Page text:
“I had a Maine Woods sort of experience—I was hiking in the mountains, it was quiet, nothing was there. There was no sound aside from the wind, and I don’t think I was ever been that in touch with nature before. That’s when it clicked that this was something that needed to be protected.”

Probing further, I ask Matt about the possible disconnections between espousing sustainability and creating structures that inevitably disrupt nature. Matt nods, saying that he “treads as lightly as possible.” Fortunately, architecture isn’t just about creating new buildings. Chicago has numerous inefficient structures that need to be retro-fitted, and moss particularly likes to work with existing buildings and infrastructure.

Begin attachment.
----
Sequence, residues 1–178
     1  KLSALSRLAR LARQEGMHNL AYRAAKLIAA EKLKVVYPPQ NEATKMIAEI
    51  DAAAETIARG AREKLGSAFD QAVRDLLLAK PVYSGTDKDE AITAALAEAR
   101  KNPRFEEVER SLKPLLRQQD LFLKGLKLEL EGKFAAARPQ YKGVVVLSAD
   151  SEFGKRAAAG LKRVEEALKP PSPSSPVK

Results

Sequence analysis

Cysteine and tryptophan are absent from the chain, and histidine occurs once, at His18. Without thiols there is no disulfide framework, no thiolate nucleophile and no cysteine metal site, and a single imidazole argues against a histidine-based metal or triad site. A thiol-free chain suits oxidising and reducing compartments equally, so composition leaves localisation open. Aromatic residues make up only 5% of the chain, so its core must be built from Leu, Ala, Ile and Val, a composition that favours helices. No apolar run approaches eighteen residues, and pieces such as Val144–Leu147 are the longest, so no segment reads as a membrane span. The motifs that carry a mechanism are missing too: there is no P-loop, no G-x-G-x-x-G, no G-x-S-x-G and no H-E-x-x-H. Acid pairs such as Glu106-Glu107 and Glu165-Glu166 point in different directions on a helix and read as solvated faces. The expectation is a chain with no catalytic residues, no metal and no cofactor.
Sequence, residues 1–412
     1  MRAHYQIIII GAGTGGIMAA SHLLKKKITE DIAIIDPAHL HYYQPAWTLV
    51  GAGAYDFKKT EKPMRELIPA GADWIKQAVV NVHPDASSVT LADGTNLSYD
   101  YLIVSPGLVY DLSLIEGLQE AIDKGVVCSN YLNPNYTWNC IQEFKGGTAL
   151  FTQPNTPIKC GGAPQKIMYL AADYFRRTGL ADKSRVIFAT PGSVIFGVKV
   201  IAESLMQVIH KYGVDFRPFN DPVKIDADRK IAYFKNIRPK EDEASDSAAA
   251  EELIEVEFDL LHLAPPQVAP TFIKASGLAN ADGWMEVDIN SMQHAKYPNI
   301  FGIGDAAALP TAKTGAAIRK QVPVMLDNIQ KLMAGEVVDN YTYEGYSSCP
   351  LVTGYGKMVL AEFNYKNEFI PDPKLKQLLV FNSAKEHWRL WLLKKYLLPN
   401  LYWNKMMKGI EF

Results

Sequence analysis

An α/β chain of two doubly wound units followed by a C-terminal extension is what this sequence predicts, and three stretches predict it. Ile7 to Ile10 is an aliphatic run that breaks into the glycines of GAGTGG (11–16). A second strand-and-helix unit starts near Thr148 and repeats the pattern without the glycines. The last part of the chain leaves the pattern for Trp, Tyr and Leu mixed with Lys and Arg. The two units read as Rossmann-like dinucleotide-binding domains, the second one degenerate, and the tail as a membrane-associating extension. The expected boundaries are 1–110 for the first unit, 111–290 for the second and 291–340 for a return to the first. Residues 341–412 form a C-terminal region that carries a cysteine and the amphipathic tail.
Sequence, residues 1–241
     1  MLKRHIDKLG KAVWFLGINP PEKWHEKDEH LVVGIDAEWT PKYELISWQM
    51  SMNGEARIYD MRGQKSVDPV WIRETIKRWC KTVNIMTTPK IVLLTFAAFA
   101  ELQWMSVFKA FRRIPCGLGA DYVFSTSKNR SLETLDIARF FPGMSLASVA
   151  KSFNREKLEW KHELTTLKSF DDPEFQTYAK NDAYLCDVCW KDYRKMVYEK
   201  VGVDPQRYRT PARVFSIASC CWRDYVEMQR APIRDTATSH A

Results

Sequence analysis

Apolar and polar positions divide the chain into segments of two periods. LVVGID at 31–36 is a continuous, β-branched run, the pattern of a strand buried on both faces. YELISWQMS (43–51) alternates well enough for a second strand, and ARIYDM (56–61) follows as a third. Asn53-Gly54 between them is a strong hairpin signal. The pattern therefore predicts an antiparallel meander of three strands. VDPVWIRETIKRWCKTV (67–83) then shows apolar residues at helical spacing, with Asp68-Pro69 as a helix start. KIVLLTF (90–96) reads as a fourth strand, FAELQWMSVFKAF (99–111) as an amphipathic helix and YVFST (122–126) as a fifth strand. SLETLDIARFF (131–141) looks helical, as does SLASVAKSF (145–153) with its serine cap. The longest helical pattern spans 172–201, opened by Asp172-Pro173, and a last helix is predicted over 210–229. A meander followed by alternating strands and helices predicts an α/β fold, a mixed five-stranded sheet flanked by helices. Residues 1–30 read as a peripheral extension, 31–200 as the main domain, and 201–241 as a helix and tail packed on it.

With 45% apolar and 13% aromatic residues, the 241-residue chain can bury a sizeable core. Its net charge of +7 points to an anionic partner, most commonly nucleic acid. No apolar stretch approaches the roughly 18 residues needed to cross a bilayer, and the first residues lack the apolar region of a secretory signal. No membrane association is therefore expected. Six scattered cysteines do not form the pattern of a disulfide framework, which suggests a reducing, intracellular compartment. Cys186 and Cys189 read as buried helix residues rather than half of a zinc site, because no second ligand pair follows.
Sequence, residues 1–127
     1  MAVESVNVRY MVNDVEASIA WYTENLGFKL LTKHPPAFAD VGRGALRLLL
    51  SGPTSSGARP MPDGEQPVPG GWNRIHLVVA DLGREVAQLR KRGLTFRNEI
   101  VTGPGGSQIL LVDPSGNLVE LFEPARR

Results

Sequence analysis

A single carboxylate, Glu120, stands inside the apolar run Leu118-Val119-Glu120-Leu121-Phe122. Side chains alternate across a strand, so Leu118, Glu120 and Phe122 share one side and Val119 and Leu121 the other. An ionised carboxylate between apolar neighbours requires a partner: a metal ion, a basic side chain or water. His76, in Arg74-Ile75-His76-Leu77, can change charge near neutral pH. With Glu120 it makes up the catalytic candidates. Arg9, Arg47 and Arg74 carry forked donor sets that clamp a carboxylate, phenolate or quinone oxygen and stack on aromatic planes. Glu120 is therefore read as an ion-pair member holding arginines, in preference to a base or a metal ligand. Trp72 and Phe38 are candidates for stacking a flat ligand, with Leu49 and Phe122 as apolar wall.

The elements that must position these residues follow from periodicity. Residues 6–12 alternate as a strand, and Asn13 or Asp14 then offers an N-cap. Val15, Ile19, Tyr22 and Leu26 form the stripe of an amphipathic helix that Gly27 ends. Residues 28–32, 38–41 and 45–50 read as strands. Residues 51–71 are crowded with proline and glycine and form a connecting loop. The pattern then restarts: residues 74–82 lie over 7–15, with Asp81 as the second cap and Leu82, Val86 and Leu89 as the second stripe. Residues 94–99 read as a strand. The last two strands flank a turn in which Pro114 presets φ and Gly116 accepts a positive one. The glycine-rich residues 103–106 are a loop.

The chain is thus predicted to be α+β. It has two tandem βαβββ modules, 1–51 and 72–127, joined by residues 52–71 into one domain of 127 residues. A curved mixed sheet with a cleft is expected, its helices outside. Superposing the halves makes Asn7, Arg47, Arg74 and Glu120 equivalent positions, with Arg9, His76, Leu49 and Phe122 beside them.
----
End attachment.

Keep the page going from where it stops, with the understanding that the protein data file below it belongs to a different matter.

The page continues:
So how would Matt redesign Chicago? He says the first steps involve protecting the lakes and natural waterways, as well as establishing a growth boundary to control urban sprawl (check out Portland’S UGB). “We have the most fertile soil in the world. For every inch that we push out from Chicago, we take away fertile farmland.” But wouldn’t a boundary increase congestion within the city?  Matt shrugs, adding that energy-sucking high-rises aren’t necessarily the solution either. He says that Chicago may reach a comfortable density by building structures that range between high-rises and single-family detached spaces. Regardless, Matt is confident that creative minds will eventually develop a sustainable solution. “The best design solution solves a lot of problems with one gesture. Like biking–which makes you happy, improves your well-being and health, gets you to where you need to go–all for a low cost.”